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IN BRIEF

Foreign-film buffs know his name and his work. But the majority of filmgoers don't.

Kino on Video could change that with the release of four films from French film director Bertrand Tavernier.

The former film critic and teacher is one of today's finest directors. He's a master of the understated, quietly powerful film, the kind that refuses to build to a deafening crescendo to make a point. Where many films talk down to the audience, broadcasting messages in block letters, Tavernier's films talk to us as equals.

Best of all is Tavernier's ability to bring his characters to life. Be his protagonist a painter ("A Sunday in the Country"), a lonely father ("The Clockmaker") or a WWI soldier ("Capitaine Conan"), Tavernier takes a detailed approach to crafting his characters, almost in the same manner as a novelist does.

Here are reviews of three of the four films Kino is releasing. "L.627" was not available for screening.

"A Sunday in the Country: Tavernier brings an Impressionist painting to life in this rich and lovely meditation on life, set on the brink of World War I. An elderly painter (Louis Ducreux) is visited by his two very different children, and reflects on his life, his regrets and even learns something new about himself. A great film that says big things in little ways. "The Clockmaker": A father's worst nightmare becomes reality when he finds out his son is wanted for murder. Tavernier fave Philippe Noiret stars as a quiet, law-abiding "clockmaker," a man whose world and beliefs are challenged. Noiret is splendid, subtly showing the growing desperation of a father wondering what he did wrong.

"Capitaine Conan": An unorthodox but highly regarded WWI captain (Philippe Torreton) finds it difficult to leave his battle days behind. He and the 50 soldiers he commanded engage in violent acts and behavior in a world where peace, not bloodshed, is allowed. Beautifully directed, acted and photographed, with an ending that is as haunting as it is subtle.

Although some stores stock these titles, they might be hard to find. You can order any of these tapes by calling Kino at 800-562-3330.

-- Randy Myers/Knight Ridder
U.S. MARSHALS PG-13, 1998, 131 minutes, Warner.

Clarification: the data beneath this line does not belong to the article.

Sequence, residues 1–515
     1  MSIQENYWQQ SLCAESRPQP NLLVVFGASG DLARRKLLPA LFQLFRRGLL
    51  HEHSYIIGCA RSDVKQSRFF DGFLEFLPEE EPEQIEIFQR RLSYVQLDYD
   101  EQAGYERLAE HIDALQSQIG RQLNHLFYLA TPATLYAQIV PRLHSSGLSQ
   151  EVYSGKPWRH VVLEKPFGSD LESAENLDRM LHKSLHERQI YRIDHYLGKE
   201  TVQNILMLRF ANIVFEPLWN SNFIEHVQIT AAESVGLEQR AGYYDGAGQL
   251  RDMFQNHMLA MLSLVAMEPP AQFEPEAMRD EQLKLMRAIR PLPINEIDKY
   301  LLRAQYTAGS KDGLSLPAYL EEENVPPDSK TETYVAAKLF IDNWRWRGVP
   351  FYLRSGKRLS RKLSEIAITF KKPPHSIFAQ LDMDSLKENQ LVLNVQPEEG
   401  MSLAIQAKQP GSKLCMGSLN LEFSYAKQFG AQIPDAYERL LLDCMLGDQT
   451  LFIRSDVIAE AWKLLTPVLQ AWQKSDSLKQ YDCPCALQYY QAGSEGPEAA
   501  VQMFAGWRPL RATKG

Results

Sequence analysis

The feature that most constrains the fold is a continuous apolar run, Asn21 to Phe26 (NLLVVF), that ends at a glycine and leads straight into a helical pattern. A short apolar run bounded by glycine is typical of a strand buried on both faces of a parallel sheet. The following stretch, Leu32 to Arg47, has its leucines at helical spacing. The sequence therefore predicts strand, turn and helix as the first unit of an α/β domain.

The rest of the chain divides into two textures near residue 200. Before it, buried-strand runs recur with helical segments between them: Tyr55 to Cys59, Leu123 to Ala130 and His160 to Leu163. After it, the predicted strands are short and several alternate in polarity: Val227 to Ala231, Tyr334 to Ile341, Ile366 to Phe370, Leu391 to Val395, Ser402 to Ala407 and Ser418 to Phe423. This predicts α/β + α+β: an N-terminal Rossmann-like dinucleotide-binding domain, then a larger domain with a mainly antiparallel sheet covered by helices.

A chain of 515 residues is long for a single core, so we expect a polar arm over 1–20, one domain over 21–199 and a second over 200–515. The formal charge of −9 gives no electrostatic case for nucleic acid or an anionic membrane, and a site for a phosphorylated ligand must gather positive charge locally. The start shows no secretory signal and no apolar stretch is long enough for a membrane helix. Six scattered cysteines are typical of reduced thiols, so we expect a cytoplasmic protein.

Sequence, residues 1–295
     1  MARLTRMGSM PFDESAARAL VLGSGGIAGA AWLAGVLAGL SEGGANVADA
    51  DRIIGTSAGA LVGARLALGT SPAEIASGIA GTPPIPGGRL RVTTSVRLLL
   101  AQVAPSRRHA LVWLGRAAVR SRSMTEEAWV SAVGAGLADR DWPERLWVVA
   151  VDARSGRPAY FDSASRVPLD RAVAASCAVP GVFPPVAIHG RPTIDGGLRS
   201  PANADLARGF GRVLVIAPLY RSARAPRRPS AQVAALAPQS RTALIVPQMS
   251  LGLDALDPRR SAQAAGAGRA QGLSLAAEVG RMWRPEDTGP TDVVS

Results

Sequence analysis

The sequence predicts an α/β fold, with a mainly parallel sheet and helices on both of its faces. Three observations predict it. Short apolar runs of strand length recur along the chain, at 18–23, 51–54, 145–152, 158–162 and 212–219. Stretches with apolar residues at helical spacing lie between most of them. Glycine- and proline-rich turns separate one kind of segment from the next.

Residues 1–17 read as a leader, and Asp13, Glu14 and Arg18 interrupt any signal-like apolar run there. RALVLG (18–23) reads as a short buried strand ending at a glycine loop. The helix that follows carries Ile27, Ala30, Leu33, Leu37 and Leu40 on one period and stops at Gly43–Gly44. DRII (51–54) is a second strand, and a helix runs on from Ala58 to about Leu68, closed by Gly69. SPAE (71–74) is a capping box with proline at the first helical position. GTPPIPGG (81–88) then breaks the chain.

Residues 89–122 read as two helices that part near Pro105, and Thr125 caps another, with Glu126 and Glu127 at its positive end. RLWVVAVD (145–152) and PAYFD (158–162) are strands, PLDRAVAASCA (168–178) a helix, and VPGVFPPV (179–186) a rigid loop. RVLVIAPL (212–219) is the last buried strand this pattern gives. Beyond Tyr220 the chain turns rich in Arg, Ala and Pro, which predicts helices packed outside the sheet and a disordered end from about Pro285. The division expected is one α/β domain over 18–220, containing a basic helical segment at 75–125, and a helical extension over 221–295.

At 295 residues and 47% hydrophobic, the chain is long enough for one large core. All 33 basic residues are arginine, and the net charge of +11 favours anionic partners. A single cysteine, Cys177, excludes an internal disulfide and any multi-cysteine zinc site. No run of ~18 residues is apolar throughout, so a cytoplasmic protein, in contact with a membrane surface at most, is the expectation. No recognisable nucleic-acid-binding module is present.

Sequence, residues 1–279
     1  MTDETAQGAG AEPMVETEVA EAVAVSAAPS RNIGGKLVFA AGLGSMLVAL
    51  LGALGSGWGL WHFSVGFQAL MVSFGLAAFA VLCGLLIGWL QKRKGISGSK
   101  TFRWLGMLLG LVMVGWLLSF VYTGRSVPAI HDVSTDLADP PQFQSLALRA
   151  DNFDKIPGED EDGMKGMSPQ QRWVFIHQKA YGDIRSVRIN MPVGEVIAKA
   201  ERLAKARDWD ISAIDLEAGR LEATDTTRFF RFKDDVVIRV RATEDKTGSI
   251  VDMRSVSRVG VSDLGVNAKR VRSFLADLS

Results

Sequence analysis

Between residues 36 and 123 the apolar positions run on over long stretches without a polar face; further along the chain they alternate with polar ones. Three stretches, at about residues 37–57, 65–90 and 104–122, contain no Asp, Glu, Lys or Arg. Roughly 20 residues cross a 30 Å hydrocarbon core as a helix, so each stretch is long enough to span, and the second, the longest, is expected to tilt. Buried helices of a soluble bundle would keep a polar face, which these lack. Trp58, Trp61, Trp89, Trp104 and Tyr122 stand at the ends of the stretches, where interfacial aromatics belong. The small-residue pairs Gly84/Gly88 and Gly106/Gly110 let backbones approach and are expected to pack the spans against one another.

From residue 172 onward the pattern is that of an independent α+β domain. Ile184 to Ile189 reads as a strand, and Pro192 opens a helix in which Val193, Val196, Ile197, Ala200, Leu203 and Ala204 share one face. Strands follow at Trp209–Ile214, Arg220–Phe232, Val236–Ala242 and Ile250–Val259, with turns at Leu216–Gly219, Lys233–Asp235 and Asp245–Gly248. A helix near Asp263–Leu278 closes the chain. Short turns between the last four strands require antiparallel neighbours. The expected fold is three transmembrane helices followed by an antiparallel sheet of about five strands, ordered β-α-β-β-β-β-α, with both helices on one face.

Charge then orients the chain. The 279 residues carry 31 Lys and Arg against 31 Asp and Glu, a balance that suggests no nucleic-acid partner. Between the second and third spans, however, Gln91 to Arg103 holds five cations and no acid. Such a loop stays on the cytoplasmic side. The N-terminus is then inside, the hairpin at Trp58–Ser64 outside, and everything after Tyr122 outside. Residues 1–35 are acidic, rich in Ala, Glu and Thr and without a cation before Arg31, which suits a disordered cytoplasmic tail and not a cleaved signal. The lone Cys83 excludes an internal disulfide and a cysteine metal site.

Here we go again. "We got a fugitive," says U.S. Marshal Sam Gerard (Tommy Lee Jones) whom we last saw chasing Dr. Richard Kimble in "The Fugitive." This time, the escapee is a tow-truck driver (Wesley Snipes), who is apparently guilty of murder but who believes this whole deal is, you guessed it, a conspiracy. Yes, this is another case of Hollywood sequel mongering, but though this film doesn't have the classy quality of its predecessor, it goes down very easily. And Jones, as always, plays himself to the hilt. Contains violence and profanity.

-- Desson Howe/Washington Post
PAPERBACK ROMANCE R, 1997, 89 minutes, Orion.

In this pleasant Australian romantic comedy, Sophie (Gia Carides of "Strictly Ballroom") is a polio-stricken romantic novelist who talks aloud while writing erotic books in a corner of her local library. When handsome jeweler Eddie (Anthony LaPaglia), unaware of her condition, asks her out, Sophie declines, fearing his offer will be rescinded if he learns the truth. But she spies on him anyway, breaking her leg in a hilarious accident trying to avoid detection. Allowing Eddie to think she had a skiing accident, she takes him up on that date. But Sophie isn't the only one hiding the truth. It's not an original plot, or even a very plausible one, but it's certainly a pleasant way to spend an evening. Contains nudity, sexual situations, sexually explicit drawings and erotic stories read aloud.

-- Suzanne Tobin/Washington Post

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RENTALS
(1) U.S. Marshals (Warner). (2) Good Will Hunting (Miramax-Buena Vista). (3) Sphere (Warner). (4) Jackie Brown (Miramax-Buena Vista). (5) The Wedding Singer (New Line-Warner). (6) Wag the Dog (New-Line Warner). (7) Dark City (New Line-Warner). (8) Hard Rain (Paramount). (9) The Rainmaker (Paramount). (10) Great Expectations (Fox).

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